Ann's new year honour
A former Maybole woman was awarded an MBE in the New Year's
Honours. Ann Coleman, 56, was honoured for services to environmental
justice and to the community of Greengairs, Lanarkshire.
Ann Clark, as she was then, moved to Fineview Place,
Maybole from Minishant when she was 3 years old.
She attended Cairn Primary and then Carrick Academy and her
first job on leaving school was in the bottom co-op grocery store. She
then went to Ayr to work for a few years before returning to work in
Jersey Kapwood and then Callaghan's.
She got married in 1970 and left Maybole in 1971 for the
bright lights of Chapelhall in Lanarkshire. Ann says, "The summers were
awful to begin with, I missed not being able to get on my bike when I
finished work and cycle to the shore, it was difficult getting used to the
more industrialised environment as opposed to the clean air and
countryside views that we enjoyed in Maybole. Through time I moved from
Chapelhall to Glenmavis and then in 1994 to Greengairs where I now live on
a small farm with my husband who breeds Highland Cattle for a hobby.
Ann's mum still lives in Maybole, one of her brother's was
a local "bobby" before moving to live and work in Ayr, her other brother
now works with the Met Office in Aberdeen having started his career in
Ann has three children and four grandchildren spread out
through the UK in Crawley, Watford and Newcastle and she says, "they are
my most important priority. My husband and I work together in our own
small family business providing services mainly to the food industry."
She became involved in the community when a public notice
appeared in the local paper to extract coal by opencast on two farms about
half a mile along the road.
"I couldn't believe that anyone would want to rip up green
farmland for an opencast," she says, "my upbringing in the idyll of
Maybole with its surrounding fields and hills creating a very pleasant
vista didn't prepare me for what was to follow. We fought the application
right through a Public Inquiry but lost - when they started to rip up the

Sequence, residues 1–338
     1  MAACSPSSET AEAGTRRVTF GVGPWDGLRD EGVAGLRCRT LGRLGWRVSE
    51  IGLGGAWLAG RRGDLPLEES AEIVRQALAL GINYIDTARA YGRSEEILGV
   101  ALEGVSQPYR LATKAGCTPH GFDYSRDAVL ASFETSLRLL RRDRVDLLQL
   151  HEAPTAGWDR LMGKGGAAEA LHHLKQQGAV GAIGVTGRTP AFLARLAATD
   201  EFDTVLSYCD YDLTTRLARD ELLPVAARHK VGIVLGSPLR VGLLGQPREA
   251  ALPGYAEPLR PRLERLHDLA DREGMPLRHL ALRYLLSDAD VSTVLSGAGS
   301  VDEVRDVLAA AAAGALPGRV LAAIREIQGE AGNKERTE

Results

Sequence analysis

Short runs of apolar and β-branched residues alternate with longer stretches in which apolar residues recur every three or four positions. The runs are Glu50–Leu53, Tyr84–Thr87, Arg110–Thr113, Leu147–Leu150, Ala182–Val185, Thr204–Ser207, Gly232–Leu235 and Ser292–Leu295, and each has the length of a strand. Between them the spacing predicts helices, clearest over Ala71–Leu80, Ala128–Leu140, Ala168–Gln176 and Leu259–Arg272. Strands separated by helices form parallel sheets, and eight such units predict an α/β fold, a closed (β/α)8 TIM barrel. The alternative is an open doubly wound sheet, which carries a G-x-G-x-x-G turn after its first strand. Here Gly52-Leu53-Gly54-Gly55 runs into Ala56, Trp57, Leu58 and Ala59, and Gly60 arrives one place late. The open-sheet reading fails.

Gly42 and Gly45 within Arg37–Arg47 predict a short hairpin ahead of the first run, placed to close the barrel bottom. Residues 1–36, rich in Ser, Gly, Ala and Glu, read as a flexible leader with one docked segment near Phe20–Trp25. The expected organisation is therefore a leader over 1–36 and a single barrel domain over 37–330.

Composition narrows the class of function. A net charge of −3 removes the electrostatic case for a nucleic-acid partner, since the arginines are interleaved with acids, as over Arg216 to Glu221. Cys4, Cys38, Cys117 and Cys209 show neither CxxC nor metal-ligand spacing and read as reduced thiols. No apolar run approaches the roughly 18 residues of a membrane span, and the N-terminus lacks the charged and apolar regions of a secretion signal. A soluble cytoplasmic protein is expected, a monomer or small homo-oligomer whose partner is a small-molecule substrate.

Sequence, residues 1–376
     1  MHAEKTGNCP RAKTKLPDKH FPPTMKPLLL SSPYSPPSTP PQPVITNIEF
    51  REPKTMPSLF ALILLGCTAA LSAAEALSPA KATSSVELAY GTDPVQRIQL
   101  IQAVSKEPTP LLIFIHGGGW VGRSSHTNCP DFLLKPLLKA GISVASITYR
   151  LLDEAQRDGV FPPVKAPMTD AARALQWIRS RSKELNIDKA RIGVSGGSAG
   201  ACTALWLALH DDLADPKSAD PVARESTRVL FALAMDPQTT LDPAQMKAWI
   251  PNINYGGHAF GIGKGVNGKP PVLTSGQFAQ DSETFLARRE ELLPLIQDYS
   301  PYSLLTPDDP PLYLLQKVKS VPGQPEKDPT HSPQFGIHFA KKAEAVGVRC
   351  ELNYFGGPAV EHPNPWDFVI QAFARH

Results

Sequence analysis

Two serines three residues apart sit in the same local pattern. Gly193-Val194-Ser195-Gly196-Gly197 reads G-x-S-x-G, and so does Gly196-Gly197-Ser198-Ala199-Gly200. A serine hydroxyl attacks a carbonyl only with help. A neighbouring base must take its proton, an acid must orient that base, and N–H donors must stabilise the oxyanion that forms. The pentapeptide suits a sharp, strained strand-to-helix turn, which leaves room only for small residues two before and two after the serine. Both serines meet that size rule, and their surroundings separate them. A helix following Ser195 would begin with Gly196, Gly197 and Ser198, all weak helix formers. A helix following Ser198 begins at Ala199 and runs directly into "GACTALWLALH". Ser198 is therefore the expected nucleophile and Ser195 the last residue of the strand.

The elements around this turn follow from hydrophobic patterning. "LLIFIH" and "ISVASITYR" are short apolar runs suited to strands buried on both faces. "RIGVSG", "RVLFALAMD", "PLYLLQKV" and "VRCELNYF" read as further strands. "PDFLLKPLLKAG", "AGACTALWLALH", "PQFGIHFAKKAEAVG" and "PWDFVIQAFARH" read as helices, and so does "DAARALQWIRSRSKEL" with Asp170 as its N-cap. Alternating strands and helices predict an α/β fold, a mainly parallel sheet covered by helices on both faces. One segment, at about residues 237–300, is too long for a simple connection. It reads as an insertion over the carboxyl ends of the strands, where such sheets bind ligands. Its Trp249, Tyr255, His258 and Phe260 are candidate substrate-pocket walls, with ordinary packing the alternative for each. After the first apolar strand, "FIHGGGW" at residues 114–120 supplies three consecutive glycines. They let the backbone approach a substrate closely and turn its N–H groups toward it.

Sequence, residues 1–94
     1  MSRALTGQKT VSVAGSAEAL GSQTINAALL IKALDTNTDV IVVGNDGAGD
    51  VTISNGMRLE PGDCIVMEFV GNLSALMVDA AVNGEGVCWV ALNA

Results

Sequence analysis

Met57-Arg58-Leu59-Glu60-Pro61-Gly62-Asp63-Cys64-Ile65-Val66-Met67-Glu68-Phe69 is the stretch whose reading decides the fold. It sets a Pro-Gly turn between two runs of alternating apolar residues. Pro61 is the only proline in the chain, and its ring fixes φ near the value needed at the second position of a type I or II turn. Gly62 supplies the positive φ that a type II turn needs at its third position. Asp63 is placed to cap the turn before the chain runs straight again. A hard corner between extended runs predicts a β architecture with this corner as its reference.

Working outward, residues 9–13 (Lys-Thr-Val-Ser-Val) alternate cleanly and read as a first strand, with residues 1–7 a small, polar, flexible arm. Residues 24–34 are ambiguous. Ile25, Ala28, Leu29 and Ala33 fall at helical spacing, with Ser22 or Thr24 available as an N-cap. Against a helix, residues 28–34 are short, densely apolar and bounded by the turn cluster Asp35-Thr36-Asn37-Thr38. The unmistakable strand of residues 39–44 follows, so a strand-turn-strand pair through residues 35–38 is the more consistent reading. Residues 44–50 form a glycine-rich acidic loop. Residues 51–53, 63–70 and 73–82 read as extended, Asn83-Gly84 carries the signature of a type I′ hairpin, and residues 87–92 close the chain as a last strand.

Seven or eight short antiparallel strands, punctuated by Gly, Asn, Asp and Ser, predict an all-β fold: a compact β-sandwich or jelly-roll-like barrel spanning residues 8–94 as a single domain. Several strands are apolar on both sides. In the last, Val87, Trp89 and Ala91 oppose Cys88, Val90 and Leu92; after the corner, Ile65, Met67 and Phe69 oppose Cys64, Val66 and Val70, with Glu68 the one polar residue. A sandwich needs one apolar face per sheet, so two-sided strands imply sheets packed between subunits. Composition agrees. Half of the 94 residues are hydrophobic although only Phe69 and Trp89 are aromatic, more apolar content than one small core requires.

fields I had to use the other road to town. I couldn't stand seeing the
huge gaping holes in what had been green fields and the mountains of
ripped up soil and rock piled high enough to be seen for miles around .
It's not as if the village hadn't suffered enough there were already three
operational landfill sites, including the largest landfill in Europe, two
completed landfills and one of the largest opencast operations in the UK,
all to the south of the village. I started asking questions about how this
could happen in one small area, I talked to Local Authority Planning
officials, Scottish Executive officials, Politicians and Friends of the
Ann progressed to being one of the first group of students
in Europe to gain a Certificate of Higher Education in Environmental
Justice through Friends of the Earth and Queen Margaret University College
in Edinburgh. She wanted to be able get the voice of communities over to
those who make the decisions that result in planning injustices. And when
she got the opportunity to give evidence to one of the Scottish Parliament
Committees she had the knowledge and the confidence to give evidence that
resulted in changes to a Planning Policy.
Since then she has worked with Friends of the Earth and the
Scottish Executive on changes to the Planning System. She has made
presentations at conferences, given evidence to the Scottish Parliament
and lobbied Ministers while fighting other battles locally as a member of
the Community Council, including an application for yet another landfill.
Ann adds, "Our relationship with the largest landfill
operator has moved on and we now work together to reduce the impacts on
the local community. We are even working together on regeneration projects
that will benefit the area and return most of the land to green belt with
public access and recreation areas - but there is still a long way to go
She was delighted to be awarded an MBE and says she feels
very privileged to be a standard bearer for Environmental Justice and the
community of Greengairs.
She concludes, "The award gives credibility to the
Environmental Justice principles that each and every one of us is entitled
to a quality of life and that we have a responsibility for the legacy that
we leave to future
generations. It isn't just about hugging trees - it's about hugging people